Reflecting on the current state of credit penetration, Dr. Popoola noted that while Nigeria has made significant progress, the 14% penetration rate still falls below global benchmarks.

He highlighted that CRC Credit Bureau currently holds credit scores for 33 million Nigerians, facilitating over 29.4 million searches in 2023 alone, with an additional 10 million searches conducted in the first quarter of 2024.

Joel Owoade, Chairman of CRC’s Board of Directors, acknowledged the economic headwinds impacting businesses in Nigeria but stressed the importance of sustainable financing to mitigate risks associated with lending.

“As we navigate economic fluctuations, sustainable financing remains crucial to fostering economic stability and growth,” Owoade remarked.

The conference also featured insights from industry experts on leveraging artificial intelligence (AI) in credit risk management and regulatory frameworks to support AI-driven innovations.

Olaniyi Yusuf, Managing Partner of Verraki, highlighted the potential of AI to create jobs and enhance economic productivity, calling for supportive regulatory environments that balance innovation with risk management.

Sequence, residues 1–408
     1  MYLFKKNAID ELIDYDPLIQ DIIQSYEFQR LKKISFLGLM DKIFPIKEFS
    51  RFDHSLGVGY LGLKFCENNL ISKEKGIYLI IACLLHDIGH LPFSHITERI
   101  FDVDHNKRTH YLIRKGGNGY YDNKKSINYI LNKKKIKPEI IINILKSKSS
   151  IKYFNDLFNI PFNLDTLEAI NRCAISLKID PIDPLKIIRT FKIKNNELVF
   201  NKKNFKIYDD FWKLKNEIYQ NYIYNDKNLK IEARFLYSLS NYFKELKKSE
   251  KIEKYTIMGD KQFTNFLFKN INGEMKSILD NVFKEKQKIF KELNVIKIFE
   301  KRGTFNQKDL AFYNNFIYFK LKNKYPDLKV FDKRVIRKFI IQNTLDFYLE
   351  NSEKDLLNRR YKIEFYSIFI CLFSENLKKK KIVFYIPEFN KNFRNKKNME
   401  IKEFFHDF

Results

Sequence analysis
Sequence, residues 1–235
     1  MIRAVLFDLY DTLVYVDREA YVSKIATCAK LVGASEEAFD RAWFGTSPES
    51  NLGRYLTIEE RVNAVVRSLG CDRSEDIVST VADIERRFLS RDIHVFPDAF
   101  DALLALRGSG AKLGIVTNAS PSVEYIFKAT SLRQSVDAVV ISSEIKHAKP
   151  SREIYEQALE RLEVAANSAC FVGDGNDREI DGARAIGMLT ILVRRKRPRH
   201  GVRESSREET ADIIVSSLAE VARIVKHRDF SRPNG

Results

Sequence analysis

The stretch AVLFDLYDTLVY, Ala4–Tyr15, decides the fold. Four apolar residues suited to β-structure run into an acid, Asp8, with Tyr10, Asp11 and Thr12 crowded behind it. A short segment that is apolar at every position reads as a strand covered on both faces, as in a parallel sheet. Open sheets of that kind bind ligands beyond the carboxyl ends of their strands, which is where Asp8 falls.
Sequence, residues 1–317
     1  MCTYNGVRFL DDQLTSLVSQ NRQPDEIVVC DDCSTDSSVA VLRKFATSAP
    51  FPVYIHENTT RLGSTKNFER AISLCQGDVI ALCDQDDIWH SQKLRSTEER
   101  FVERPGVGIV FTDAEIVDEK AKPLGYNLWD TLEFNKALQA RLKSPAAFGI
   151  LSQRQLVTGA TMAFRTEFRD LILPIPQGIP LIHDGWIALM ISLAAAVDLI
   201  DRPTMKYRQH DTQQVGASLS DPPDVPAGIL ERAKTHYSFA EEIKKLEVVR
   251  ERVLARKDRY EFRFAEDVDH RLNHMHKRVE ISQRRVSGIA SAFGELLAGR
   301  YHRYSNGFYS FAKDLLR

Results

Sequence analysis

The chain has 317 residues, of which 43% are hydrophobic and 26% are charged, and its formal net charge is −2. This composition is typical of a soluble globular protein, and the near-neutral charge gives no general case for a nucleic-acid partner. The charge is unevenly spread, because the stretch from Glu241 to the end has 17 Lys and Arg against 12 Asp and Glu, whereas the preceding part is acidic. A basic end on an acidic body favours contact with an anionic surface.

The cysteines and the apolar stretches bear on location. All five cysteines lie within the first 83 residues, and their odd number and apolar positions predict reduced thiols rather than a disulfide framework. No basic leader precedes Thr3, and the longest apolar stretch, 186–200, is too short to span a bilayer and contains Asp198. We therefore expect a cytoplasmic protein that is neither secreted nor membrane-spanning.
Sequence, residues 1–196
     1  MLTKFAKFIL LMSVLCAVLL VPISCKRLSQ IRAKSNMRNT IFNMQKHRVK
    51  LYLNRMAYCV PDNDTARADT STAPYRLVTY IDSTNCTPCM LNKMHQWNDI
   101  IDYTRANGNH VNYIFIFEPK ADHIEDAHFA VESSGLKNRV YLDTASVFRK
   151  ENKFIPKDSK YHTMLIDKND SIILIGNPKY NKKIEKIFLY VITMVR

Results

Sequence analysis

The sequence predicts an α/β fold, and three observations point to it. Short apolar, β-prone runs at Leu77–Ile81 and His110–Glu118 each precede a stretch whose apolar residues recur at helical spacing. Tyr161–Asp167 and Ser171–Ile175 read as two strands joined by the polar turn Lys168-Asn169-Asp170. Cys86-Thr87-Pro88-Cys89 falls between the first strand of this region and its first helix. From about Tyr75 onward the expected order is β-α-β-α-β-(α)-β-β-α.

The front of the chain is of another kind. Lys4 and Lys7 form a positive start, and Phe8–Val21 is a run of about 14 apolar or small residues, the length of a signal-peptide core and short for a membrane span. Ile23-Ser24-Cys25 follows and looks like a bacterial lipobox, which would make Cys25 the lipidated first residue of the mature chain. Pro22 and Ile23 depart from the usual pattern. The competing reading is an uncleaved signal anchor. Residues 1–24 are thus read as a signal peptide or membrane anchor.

Representatives from the Central Bank of Nigeria (CBN) emphasized the regulator’s efforts to promote sustainable credit practices.

Dr. Adetona Adedeji, Acting Director of the Banking Supervision Department at CBN, outlined initiatives such as the National Collateral Registry and Global Standing Instruction aimed at enhancing credit access while minimizing risks.

As CRC Credit Bureau looks ahead, Dr. Popoola expressed optimism about the future, stating, “We remain committed to driving greater financial inclusion and expanding credit access in Nigeria. Our focus is on leveraging technology and strategic partnerships to deliver innovative solutions that meet the evolving needs of consumers and lenders.”

The celebration of CRC Credit Bureau’s 15th anniversary underscored its pivotal role in Nigeria’s financial sector, marking a milestone in the nation’s journey towards broader financial inclusion and sustainable economic growth.

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Banking Sector

Guaranty Trust Holding Plans N500 Billion Share Offering

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Guaranty Trust Holding Company Plc (GTCOPLC) has announced plans to raise up to N500 billion through a new share offering, according to a preliminary prospectus filed with the Securities and Exchange Commission (SEC).